Take the 2-minute tour ×
Cross Validated is a question and answer site for people interested in statistics, machine learning, data analysis, data mining, and data visualization. It's 100% free, no registration required.

Suppose there is one independent variable (X) and a moderator (M), and both are continuous. The objective is to study the interaction effect of XM on Y. As X or M may have high multicollinearity with XM, therefore following is performed. X is centered, M is centered but however for XM, z-score is taken and then it is squared. Is it possible to do that in multiple regression? What reference can be quoted here..

share|improve this question

2 Answers 2

As often, writing down the different models is clearer than talking about them. If your model is

$$\operatorname{E} Y = \beta_0 + \beta_1 x_1 + \beta_2 x_2 + \beta_{12} \left(x_1x_2\right)$$

& you decide to centre & scale some predictors using constants $a,b,c,d$ (which can be means, standard deviations of the predictors, or whatever), the new model is

$$\operatorname{E} Y = \beta_0^* + \beta_1^* (x_1 -a) + \beta_2^* (x_2-b) + \beta_{12}^* \frac{x_1x_2 - c}{d}\\ =\beta_0^* -a\beta_1^*-b\beta_2^*-\frac{c\beta_{12}^*}{d}+\beta_1^*x_1 + \beta_2^* (x_2-b) + \frac{\beta_{12}^*}{d} (x_1x_2)$$

But this is just a reëxpression of the old model, with:

$$\beta_0=\beta_0^* -a\beta_1^*-b\beta_2^*-\frac{c\beta_{12}^*}{d}\\ \beta_1=\beta_1^*\\ \beta_2=\beta_2^*\\ \beta_{12}=\frac{\beta_{12}^*}{d}\\ $$

The predictions & prediction intervals are exactly the same; you've just changed the units the predictors & coefficients are measured in.

On the other hand

$$\operatorname{E} Y = \beta_0' + \beta_1' (x_1 -a) + \beta_2' (x_2-b) + \beta_{12}' \left(\frac{x_1x_2 - c}{d}\right)^2$$

is a brand new model with an $(x_1x_2)^2$ term where before you had only $x_1x_2$. It will make different predictions; moreover, as @Peter pointed out, those predictions will depend on the units the predictors are measured in—e.g. Celsius vs Fahrenheit—if you don't include the lower-level terms as well, so you'd better be sure you really want that. The form of the interaction is unusual: when $x_2=0$, the response is linearly related to $x_1$; as $x_2$ increases in absolute magnitude the relation becomes a tighter parabola, with a maximum or minimum depending on the sign of $\beta'_{12}$—it's hard to imagine this is what you had in mind. It's sometimes said such models violate the marginality principle: see Venables (1998), "Exegeses on linear models", S-Plus Users' Conference, Washington DC.

Collinearity is a red herring here—it's not a problem when it's a matter of how the predictors are defined (sometimes called structural collinearity) because you're never going to have to predict responses for predictor patterns that aren't exhibiting exactly the same collinearity.

NB You hear different views about centring & scaling predictors, discussion of which often drags in collinearity. It's important to realize that these concern ease of interpretation only (or occasionally accuracy of calculation—not an issue with algorithms used by modern software, as @Frank said).

share|improve this answer
Thanks for elaborate answer sir. But just to confirm again, i am not squaring x1x2 like you showed above, rather i am squaring the z-score of x1x2. Along with that in the regression model, i include x and x2 also along with certain other control variables. Does it change your viewpoint now? –  user39496 Feb 17 at 5:23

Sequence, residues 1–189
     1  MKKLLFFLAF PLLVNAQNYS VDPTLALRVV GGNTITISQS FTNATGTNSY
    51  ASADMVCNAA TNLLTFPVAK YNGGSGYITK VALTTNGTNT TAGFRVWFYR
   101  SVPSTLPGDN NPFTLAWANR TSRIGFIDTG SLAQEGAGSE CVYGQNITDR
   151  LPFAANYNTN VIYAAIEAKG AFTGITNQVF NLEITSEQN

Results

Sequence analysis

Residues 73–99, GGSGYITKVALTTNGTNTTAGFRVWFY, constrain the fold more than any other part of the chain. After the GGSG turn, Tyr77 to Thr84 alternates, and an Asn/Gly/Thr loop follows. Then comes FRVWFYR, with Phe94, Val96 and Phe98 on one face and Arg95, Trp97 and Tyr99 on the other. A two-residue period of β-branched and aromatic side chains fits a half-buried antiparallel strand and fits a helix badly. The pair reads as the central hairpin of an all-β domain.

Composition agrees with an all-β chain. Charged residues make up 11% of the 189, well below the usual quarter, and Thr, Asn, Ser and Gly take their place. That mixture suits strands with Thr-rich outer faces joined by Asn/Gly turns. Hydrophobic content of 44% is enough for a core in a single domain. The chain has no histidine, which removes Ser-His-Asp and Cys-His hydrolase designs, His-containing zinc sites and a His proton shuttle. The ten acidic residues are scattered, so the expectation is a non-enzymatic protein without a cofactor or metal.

Thanks for pointing that out; I've altered the formula of the last model to reflect it. But it makes no difference to my viewpoint - which isn't a 'viewpoint', just the maths we learnt at school. Draw some graphs if the behaviour of the model isn't apparent, considering the consequences of what you're holding fixed & what you're allowing to vary. For instance, when $x_2=0$, the response varies linearly with $x_1$ - is that a reasonable restriction to impose before estimating any coefficient? –  Scortchi Feb 17 at 10:01

Centering before multiplying is a good idea but there is no need to take the z-score, much less to square it. Note that XM should be on the centered variables, so, really, more like $X_cM_c$ where the subscript indicates "centered".

share|improve this answer
Centering only helps in a very narrow sense, I think. It will not effect the estimates of the interaction parameters; it will only change the "main effects" which anyhow are not so interpretable in the presence of interaction. –  Frank Harrell Feb 16 at 15:44
Squaring the interaction may solve the collinearity problem but it also changes its identity into the interaction of $X^2$ and $M^2$. For that reason, I'd recommend not to call it "adjusting for interaction," simply because the model really is not doing that. –  Penguin_Knight Feb 16 at 16:04
Transforming XM with a z score will not substantively change the model. If you want to look at $X^2M^2$ then you can do so (although you should then probably include X and M and XM) –  Peter Flom Feb 16 at 16:26
Yes I disagree with the practice. If using modern software (e.g., R) centering doesn't help, and it makes interpretation more difficult. The Q-R decomposition is insensitive to extreme collinearity, and collinearity does not affect predicted values nor does it hurt hypothesis testing, at least for interesting hypotheses. –  Frank Harrell Feb 16 at 16:55
@user39496: To look at the $XM$ interaction you need to look at it, not at something else. Why do you think collinearity between $X$ & $XM$ or between $M$ & $XM$ is any sort of problem? Will you be needing to predict the response when $X=2$ & $M=3$ & $MX=10$? –  Scortchi Feb 16 at 17:00

Your Answer


By posting your answer, you agree to the privacy policy and terms of service.

Not the answer you're looking for? Browse other questions tagged or ask your own question.